Intl. J. of Web Information Systems     Hybrid Journal   (Followers: 4, SJR: 0.186, CiteScore: 1)
Intl. J. of Wine Business Research     Hybrid Journal   (Followers: 8, SJR: 0.562, CiteScore: 2)
Intl. J. of Workplace Health Management     Hybrid Journal   (Followers: 10, SJR: 0.303, CiteScore: 1)
Intl. Marketing Review     Hybrid Journal   (Followers: 15, SJR: 0.895, CiteScore: 3)
Irish J. of Occupational Therapy     Open Access   (Followers: 7)
ISRA Intl. J. of Islamic Finance     Open Access  
J. for Multicultural Education     Hybrid Journal   (Followers: 1, SJR: 0.237, CiteScore: 1)
J. of Accounting & Organizational Change     Hybrid Journal   (Followers: 6, SJR: 0.301, CiteScore: 1)
J. of Accounting in Emerging Economies     Hybrid Journal   (Followers: 9)
J. of Adult Protection, The     Hybrid Journal   (Followers: 15, SJR: 0.314, CiteScore: 1)
J. of Advances in Management Research     Hybrid Journal   (Followers: 2)
J. of Aggression, Conflict and Peace Research     Hybrid Journal   (Followers: 45, SJR: 0.222, CiteScore: 1)
J. of Agribusiness in Developing and Emerging Economies     Hybrid Journal   (SJR: 0.108, CiteScore: 0)
J. of Applied Accounting Research     Hybrid Journal   (Followers: 17, SJR: 0.227, CiteScore: 1)
J. of Applied Research in Higher Education     Hybrid Journal   (Followers: 49, SJR: 0.2, CiteScore: 0)
J. of Asia Business Studies     Hybrid Journal   (Followers: 2, SJR: 0.245, CiteScore: 1)
J. of Assistive Technologies     Hybrid Journal   (Followers: 19)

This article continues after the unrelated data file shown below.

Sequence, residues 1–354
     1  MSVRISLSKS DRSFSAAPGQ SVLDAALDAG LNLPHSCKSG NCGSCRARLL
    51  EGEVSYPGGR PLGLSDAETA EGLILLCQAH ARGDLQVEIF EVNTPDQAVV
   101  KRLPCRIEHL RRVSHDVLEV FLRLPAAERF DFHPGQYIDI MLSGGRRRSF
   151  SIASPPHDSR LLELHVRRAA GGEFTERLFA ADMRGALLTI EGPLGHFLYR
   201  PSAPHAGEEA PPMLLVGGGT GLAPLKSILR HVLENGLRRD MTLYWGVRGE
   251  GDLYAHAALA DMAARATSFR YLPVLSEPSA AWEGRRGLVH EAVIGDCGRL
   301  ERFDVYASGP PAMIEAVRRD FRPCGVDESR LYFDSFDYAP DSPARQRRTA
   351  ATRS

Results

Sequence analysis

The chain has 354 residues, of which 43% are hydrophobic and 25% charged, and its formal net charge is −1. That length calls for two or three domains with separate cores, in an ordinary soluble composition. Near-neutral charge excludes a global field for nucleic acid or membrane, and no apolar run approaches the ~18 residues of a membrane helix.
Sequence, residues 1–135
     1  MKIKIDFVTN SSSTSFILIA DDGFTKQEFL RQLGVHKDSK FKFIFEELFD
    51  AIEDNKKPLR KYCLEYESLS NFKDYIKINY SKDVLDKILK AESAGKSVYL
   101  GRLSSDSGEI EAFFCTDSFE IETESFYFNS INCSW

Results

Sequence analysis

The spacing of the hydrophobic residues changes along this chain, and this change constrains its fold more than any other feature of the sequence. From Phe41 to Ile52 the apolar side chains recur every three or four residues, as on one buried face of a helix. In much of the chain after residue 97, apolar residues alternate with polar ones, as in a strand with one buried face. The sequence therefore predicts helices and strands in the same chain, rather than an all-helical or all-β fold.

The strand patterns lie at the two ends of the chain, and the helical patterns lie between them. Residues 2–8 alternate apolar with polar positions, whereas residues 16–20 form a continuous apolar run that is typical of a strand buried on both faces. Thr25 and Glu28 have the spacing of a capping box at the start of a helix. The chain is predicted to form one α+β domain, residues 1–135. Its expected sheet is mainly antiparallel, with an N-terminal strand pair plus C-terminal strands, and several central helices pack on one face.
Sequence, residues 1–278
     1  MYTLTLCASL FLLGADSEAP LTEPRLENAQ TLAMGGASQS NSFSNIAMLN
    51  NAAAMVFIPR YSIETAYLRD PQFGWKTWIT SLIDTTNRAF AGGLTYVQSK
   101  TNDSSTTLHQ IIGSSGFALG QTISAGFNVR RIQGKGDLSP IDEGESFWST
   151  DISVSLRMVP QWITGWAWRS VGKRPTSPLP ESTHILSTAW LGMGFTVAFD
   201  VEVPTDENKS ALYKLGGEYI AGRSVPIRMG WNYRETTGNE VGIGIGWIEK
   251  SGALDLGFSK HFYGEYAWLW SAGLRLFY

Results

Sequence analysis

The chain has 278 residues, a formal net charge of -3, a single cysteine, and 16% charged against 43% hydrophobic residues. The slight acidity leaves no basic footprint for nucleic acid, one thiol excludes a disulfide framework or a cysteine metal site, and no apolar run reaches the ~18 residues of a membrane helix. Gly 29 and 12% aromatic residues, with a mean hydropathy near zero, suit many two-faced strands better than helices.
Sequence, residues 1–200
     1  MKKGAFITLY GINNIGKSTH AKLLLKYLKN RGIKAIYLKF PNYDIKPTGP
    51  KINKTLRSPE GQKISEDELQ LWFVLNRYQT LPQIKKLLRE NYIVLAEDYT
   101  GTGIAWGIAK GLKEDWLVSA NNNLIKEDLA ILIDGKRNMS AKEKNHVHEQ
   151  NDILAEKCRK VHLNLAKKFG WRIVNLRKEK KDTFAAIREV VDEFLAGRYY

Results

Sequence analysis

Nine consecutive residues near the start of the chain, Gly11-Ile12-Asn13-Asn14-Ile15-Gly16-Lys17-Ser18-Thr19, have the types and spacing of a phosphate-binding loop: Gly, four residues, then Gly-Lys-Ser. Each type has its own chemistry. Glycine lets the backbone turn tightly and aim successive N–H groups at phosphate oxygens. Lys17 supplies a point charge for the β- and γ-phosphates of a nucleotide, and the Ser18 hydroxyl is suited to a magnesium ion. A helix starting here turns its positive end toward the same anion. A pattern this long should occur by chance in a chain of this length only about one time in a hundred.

J. of Business & Industrial Marketing     Hybrid Journal   (Followers: 10, SJR: 0.652, CiteScore: 2)
J. of Business Strategy     Hybrid Journal   (Followers: 12, SJR: 0.333, CiteScore: 1)
J. of Capital Markets Studies     Open Access  
J. of Centrum Cathedra     Open Access  
J. of Children's Services     Hybrid Journal   (Followers: 5, SJR: 0.243, CiteScore: 1)
J. of Chinese Economic and Foreign Trade Studies     Hybrid Journal   (Followers: 1, SJR: 0.2, CiteScore: 0)
J. of Chinese Entrepreneurship     Hybrid Journal   (Followers: 4)
J. of Chinese Human Resource Management     Hybrid Journal   (Followers: 6, SJR: 0.173, CiteScore: 1)
J. of Communication Management     Hybrid Journal   (Followers: 6, SJR: 0.625, CiteScore: 1)
J. of Consumer Marketing     Hybrid Journal   (Followers: 19, SJR: 0.664, CiteScore: 2)
J. of Corporate Real Estate     Hybrid Journal   (Followers: 3, SJR: 0.368, CiteScore: 1)
J. of Criminal Psychology     Hybrid Journal   (Followers: 135, SJR: 0.268, CiteScore: 1)
J. of Criminological Research, Policy and Practice     Hybrid Journal   (Followers: 48, SJR: 0.254, CiteScore: 1)
J. of Cultural Heritage Management and Sustainable Development     Hybrid Journal   (Followers: 10, SJR: 0.257, CiteScore: 1)
J. of Defense Analytics and Logistics     Open Access  
J. of Documentation     Hybrid Journal   (Followers: 187, SJR: 0.613, CiteScore: 1)
J. of Economic and Administrative Sciences     Hybrid Journal   (Followers: 2)
J. of Economic Studies     Hybrid Journal   (Followers: 5, SJR: 0.733, CiteScore: 1)
J. of Economics, Finance and Administrative Science     Open Access   (Followers: 1, SJR: 0.217, CiteScore: 1)
J. of Educational Administration     Hybrid Journal   (Followers: 6, SJR: 1.252, CiteScore: 2)
J. of Enabling Technologies     Hybrid Journal   (Followers: 11, SJR: 0.369, CiteScore: 1)
J. of Engineering, Design and Technology     Hybrid Journal   (Followers: 16, SJR: 0.212, CiteScore: 1)
J. of Enterprise Information Management     Hybrid Journal   (Followers: 4, SJR: 0.827, CiteScore: 4)
J. of Enterprising Communities People and Places in the Global Economy     Hybrid Journal   (Followers: 1, SJR: 0.281, CiteScore: 1)